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BNO

British Embassy
3100 Massachusetts Avenue, NW
Washington DC 20008
Telephone:
(1)(202) 588 6500 Embassy
(1)(202) 588 7800 Consular
(1)(202) 588 7830 British Council
Fax:
(1)(202) 588 7870 Chancery

British Consulate-General, New York


845 Third Avenue(between 51st and 52nd Streets)
New York, NY 10022
Tel: (212) 745-0200
Fax: (212) 754-3062
* Local Time
Mon-Fri: 0900-1700

* GMT
Mon-Fri: 1400-2200
Consular hours:
* Local Time
Mon-Fri: 0900-1300; 1500-1600
* GMT
Mon-Fri: 1400-1600; 2000-2100

Consul-General, New York and


Director-General, Trade & Investment USA
Alan has been Consul-General and Director-General, Trade & Investment USA since January 2007.
He is responsible for both British political and wider relations in one of the most important cities in
world and for the nine teams across the US whose job is to promote British Trade and Investment
opportunities. He sits on the Board of UK Trade and Investment and is the UK Trade and
Investment Olympic champion tasked with globally co-ordinating work on London 2012.
From 2003-2006, Alan was British High Commissioner to Singapore where he was heavily involved
with the strategy for London's winning bid for the 2012 Olympics and Her Majesty the Queen's
State Visit.
He was seconded to Shell in 2002 as Vice President for International Relations responsible for the
company's global relationships with governments.
Earlier, Alan was the British Ambassador in the Philippines at a time when People Power over
threw a President. He has also served as Director General of the British Trade and Cultural office
Taipei. Alan has served in a variety of jobs in London and as Deputy Head of Mission at the British
Embassy in Addis Ababa.
Alan was educated at Strand School and the London School of Economics. He is a member of the
MCC, The Royal Commonwealth Society and he is a Freeman of the City of London.
Alan was made Companion of the Order of St. Michael and St. George in 1997 and a Knight
Commander of the Royal Victorian Order in 2006.
Meiklejohn was born in Woking, outside London, in 1967. He attended Merton College, Oxford
University, graduating in Politics, Philosophy and Economics.
After University, Dominic worked for HM Customs and Excise before joining the Foreign and
Commonwealth Office in 1990. After working for the European Community Department for two
years, he learned Polish prior to working in the British Embassy Warsaw, where he headed the
British Know How Fund for Poland (1993-96). In 1997 Dominic worked for the OSCE Mission in
Albania, before heading up the India team in the South Asian Department of the FCO.
In 2000, Dominic was posted as First Secretary to the British Embassy Warsaw, with a particular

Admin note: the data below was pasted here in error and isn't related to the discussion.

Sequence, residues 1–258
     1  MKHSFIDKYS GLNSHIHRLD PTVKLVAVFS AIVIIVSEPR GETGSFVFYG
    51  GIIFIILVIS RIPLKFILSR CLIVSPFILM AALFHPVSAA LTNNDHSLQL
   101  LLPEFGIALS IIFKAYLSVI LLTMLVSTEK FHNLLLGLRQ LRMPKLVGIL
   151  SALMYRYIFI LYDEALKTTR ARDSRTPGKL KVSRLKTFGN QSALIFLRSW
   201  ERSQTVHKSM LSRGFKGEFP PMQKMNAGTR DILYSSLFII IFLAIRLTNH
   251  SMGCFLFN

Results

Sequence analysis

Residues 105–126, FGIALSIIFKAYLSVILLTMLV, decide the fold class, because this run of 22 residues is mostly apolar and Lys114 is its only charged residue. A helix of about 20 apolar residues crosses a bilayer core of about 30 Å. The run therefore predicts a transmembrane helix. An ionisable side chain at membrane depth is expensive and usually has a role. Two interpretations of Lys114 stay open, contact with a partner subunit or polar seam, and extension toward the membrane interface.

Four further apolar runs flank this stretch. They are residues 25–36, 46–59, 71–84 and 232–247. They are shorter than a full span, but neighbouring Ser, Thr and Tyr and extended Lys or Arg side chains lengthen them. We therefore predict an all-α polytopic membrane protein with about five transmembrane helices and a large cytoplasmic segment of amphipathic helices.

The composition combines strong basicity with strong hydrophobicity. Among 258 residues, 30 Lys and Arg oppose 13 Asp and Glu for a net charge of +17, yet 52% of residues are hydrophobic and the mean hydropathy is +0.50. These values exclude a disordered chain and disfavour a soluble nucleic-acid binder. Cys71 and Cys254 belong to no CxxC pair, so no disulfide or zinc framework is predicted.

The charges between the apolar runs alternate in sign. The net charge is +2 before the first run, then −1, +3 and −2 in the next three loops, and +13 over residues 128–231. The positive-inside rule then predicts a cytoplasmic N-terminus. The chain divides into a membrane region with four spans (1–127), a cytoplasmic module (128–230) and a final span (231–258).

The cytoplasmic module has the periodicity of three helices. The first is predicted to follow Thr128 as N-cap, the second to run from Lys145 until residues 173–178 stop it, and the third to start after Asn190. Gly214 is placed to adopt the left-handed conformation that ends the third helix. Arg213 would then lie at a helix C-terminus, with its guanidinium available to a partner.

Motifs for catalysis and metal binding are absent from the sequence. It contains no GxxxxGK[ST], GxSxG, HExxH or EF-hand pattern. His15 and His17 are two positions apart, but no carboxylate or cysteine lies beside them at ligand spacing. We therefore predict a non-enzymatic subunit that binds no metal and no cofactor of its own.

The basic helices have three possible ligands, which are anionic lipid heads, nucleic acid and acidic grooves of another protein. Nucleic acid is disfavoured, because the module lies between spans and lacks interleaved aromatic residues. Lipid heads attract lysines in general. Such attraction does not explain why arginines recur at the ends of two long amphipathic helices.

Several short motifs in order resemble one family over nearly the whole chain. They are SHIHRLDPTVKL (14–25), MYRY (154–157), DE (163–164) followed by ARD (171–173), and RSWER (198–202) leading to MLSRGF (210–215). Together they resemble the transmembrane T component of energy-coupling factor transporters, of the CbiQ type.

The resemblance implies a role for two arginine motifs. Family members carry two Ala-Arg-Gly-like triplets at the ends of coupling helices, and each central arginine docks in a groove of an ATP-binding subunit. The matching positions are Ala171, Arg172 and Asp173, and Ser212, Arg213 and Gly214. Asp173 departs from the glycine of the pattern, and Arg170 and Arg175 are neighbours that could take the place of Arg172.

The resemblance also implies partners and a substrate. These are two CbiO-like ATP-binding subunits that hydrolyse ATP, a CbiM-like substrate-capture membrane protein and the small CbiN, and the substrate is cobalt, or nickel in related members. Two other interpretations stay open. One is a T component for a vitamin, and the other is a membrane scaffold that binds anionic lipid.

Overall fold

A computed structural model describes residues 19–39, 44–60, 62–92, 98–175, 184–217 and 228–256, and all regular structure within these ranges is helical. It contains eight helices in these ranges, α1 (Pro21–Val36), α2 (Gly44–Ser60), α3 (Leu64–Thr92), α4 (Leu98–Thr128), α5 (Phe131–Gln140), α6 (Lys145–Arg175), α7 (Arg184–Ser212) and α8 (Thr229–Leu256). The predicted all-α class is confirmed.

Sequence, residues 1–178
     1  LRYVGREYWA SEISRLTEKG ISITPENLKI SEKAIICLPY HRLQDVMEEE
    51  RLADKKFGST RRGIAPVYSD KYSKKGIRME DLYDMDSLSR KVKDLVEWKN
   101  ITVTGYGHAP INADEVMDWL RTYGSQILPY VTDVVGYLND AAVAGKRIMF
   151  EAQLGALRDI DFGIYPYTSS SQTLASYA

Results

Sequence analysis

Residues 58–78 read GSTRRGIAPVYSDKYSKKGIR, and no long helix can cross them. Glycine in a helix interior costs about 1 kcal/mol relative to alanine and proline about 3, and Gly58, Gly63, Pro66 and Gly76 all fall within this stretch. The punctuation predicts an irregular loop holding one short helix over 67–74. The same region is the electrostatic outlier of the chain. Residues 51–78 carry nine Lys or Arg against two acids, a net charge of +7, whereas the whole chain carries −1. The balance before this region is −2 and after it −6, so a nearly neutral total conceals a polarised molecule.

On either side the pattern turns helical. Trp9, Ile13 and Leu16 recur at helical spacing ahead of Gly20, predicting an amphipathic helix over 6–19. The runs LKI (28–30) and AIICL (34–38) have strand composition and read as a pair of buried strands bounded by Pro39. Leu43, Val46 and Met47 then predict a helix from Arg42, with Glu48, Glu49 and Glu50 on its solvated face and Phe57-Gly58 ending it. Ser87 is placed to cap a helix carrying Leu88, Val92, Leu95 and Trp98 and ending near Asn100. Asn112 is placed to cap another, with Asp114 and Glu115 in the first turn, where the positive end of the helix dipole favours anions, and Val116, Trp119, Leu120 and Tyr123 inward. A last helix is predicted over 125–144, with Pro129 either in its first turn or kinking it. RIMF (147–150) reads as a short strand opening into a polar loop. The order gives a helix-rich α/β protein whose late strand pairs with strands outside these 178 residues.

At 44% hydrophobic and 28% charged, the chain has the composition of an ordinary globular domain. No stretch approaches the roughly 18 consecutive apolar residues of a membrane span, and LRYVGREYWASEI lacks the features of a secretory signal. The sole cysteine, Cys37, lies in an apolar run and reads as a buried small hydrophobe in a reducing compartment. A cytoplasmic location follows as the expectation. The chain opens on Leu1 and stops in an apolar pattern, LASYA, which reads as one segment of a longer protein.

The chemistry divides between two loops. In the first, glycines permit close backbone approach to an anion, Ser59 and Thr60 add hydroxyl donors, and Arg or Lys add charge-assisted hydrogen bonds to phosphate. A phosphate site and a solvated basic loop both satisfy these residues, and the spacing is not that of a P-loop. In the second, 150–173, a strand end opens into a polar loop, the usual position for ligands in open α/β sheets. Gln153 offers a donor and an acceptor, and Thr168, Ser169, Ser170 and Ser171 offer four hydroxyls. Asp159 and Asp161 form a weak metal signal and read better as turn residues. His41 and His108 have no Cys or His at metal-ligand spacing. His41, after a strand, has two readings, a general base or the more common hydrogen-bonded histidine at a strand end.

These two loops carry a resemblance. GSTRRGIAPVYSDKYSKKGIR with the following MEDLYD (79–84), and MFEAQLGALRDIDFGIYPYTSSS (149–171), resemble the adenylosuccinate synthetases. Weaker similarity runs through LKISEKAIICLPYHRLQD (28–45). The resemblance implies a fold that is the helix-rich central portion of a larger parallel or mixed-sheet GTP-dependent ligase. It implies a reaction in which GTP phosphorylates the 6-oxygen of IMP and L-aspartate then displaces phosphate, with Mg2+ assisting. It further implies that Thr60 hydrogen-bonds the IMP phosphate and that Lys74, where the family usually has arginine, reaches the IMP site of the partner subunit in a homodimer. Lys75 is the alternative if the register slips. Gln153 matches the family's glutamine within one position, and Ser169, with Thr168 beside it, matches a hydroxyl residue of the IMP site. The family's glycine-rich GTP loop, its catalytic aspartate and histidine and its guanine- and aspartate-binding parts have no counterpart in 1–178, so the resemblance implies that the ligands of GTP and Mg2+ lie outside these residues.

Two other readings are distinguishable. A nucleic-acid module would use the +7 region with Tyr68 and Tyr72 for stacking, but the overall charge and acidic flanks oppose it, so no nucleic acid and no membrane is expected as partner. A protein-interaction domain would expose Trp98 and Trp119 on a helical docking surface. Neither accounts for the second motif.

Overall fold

focus on European Union issues in the run-up to Poland's accession to the EU. In 2003, Dominic
returned to the UK as Deputy Head of the Environment Policy Department. From 2004-2005 he
led the FCO's Knowledge Management Programme. During this period, Dominic led two

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deployments of the FCO's Consular Rapid Deployment Team- to Sri Lanka, after the tsunami in
2004; and to Pakistan, after the earthquake there in 2005.
From 2006-2007, Dominic served as Deputy Consul-General, Basra, Iraq. From June 2007 he
worked with the FCO's Change Unit. He took up his current appointment on 22 January 2008.
Dominic and his partner Joanne are the proud parents of Olivia. Outside of the office Dominic
cycles around Manhattan, plays soccer (football) and, when parenting duties allow, enjoys the
cultural riches offered by New York. He tries hard to understand Baseball.
Gordon Innes is the Director Trade and Investment for the British Government’s economic
development organisation in the United States, UK Trade & Investment. He is a dual-qualified
lawyer with extensive experience in cross-border business, regulation, and policy.
A graduate of the London School of Economics and the University of Melbourne, Australia, Gordon
has worked in both the private and public sectors.
Much of his private sector experience was with international law firms, where he specialised in
commercial and financial regulation, helping multinational corporations to navigate issues
pertaining to UK and EU government decision-making.
In addition to his regulatory legal work, Gordon supported several commercial deals and mergers.
In 2001, Gordon entered the British public sector when he joined the UK Department for Business